Since I was a linguistics undergraduate student at Brigham Young University, I have been interested in working on a highly endangered language isolate spoken in north-central Tanzania called Hadza. Now as a linguistics Ph.D. student with a concentration on African languages and linguistics at Indiana University, I continue in that same line of inquiry but have been given the tools necessary to pursue it.
The Hadza people (or Hadzabe) represent a remnant of the autochthonous peoples of East Africa—predating the Bantu and Nilotic expansions to the region—and, despite being surrounded by numerous agricultural and pastoral ethnic groups, many continue to live primarily as hunter-gatherers. The Hadza language, called Hadzane ‘of the Hadza’ in their tongue, is one of only two extant languages outside southern Africa to natively make use of click consonants. Despite the interesting and anomalous nature of their language, the remoteness of the Hadza homeland and logistical constraints inherent in working with the Hadzabe have meant that the language remains largely undocumented and underdescribed. Currently, the Hadzabe are experiencing substantial linguistic and societal shifts which threaten the continuance of the Hadza language.
In order to mitigate the difficulties (and expense) of frequently traveling to northern Tanzania to work with the Hadzabe, I began in the spring of 2018 to develop a community-based remote fieldwork methodology in collaboration with colleagues and Hadza community members. As mobile technologies have become more widespread in Tanzania, and elsewhere in the world— such as smartphones, VoIP platforms (e.g., WhatsApp), and mobile banking—it is now possible to communicate with language consultants and language community members to collect linguistic data remotely in a way previously impossible.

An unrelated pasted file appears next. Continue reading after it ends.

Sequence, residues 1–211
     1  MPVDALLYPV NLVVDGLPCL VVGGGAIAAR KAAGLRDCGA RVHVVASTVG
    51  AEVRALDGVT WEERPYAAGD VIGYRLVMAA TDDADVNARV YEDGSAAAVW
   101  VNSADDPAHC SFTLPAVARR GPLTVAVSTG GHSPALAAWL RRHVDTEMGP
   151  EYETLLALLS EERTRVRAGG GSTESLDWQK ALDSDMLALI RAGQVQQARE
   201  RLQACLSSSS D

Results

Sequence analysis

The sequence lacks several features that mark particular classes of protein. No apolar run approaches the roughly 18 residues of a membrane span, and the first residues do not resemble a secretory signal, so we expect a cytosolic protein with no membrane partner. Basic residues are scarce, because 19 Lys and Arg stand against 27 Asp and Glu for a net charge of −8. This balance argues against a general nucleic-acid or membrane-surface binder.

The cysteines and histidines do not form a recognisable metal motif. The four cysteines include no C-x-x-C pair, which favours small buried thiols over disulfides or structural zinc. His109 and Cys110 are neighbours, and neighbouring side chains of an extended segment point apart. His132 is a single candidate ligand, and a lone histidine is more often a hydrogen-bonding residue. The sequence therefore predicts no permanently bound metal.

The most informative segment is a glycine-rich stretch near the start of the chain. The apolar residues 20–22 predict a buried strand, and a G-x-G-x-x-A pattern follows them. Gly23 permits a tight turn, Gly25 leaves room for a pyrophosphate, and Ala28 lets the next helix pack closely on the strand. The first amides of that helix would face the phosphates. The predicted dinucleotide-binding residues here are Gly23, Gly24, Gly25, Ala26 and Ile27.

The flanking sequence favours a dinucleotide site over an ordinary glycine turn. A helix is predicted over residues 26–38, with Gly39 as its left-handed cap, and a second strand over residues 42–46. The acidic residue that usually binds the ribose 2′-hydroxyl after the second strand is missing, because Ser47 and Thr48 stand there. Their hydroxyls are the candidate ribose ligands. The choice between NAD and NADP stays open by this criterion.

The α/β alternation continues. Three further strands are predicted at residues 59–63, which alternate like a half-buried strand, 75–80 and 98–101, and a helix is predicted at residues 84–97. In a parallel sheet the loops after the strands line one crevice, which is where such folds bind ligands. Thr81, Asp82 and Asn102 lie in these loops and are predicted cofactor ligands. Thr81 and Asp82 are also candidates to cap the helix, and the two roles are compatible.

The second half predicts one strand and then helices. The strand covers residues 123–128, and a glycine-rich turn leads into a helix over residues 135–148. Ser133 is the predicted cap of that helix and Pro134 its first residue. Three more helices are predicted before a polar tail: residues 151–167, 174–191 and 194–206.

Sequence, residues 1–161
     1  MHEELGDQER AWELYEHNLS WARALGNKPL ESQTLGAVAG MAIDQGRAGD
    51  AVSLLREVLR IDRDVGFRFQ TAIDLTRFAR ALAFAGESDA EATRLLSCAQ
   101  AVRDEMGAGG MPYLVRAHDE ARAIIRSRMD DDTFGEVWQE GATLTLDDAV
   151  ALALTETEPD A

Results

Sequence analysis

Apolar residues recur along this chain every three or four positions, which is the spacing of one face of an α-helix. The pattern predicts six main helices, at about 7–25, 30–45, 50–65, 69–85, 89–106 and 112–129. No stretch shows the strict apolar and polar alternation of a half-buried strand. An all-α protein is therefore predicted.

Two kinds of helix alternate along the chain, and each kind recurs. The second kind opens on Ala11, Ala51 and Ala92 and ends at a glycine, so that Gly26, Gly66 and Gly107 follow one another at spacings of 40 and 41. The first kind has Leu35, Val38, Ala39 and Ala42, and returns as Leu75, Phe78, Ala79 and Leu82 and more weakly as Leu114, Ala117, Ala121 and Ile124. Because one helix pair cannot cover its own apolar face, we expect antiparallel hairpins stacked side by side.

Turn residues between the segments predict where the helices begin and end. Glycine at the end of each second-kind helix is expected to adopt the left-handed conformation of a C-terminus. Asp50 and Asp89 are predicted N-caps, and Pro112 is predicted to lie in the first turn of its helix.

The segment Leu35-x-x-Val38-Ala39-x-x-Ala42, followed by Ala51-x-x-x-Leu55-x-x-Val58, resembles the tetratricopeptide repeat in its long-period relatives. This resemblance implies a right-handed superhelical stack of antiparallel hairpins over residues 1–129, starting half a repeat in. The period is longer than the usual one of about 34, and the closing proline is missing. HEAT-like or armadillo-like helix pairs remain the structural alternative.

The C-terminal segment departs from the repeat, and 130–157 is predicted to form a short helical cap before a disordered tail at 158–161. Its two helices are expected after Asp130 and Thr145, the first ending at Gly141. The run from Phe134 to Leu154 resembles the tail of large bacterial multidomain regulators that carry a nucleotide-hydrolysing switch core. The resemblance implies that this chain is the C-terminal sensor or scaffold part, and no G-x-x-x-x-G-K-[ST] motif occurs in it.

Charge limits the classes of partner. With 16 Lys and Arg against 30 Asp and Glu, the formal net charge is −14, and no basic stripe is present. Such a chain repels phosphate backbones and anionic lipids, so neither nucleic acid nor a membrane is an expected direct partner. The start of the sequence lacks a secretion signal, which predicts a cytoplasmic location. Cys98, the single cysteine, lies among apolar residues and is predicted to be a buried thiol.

With respect to the Hadzabe, this methodology includes several key components:
- Being in the community! Remote fieldwork cannot replace traditional fieldwork; it enhances it. To establish a proper and ethical flow for remote fieldwork, the researcher should spend time in the community. This is essential for community buy-in, training, and the establishment of trusted relationships.
- The researcher must equip selected and willing community collaborators with all necessary skills and equipment. This step is labor intensive but crucial to ascertain that the fieldwork is carried out ethically and transparently (e.g., includes adequate metadata for proper analysis) and mutual expectations are made clear.
- Research protocols are followed on both ends and data is collected, stored, organized, and distributed in a timely manner.
Though undoubtedly a remote fieldwork methodology has its drawbacks and limitations (e.g., less researcher control, unable to collect certain kinds of data), it is also quite versatile and can be tailored to specific regional contexts. With proper training and preparation, data collection tasks that can be carried out remotely include: live elicitation sessions with collaborators using WhatsApp or Zoom (recorded live); audio-visual recordings; transcription/translation work of previously recorded and/or archived materials; text and oral history collection; etc.
Thanks to funds provided by the Householder Memorial research fund from the Department of Linguistics, I was able to implement my methodology and take a field trip to Tanzania in Summer 2018 to meet with Hadza community members and establish close relationships with them. Shortly thereafter, I began utilizing my remote fieldwork methodology to work with Mariamu Anyawire, a seasoned Hadza research consultant, to collect pre-dissertation data. Together we have worked on transcribing and translating archived Hadza recordings from decades ago, explored several linguistic phenomena more closely, and secured plans for my intended doctoral research trip to Tanzania during the next academic year. The Householder research funds and my remote methodology allow me to continue engaging with the Hadza community while out-of-country and provide support for them as they seek to create and disseminate linguistic materials and information about their language to secure it for future generations.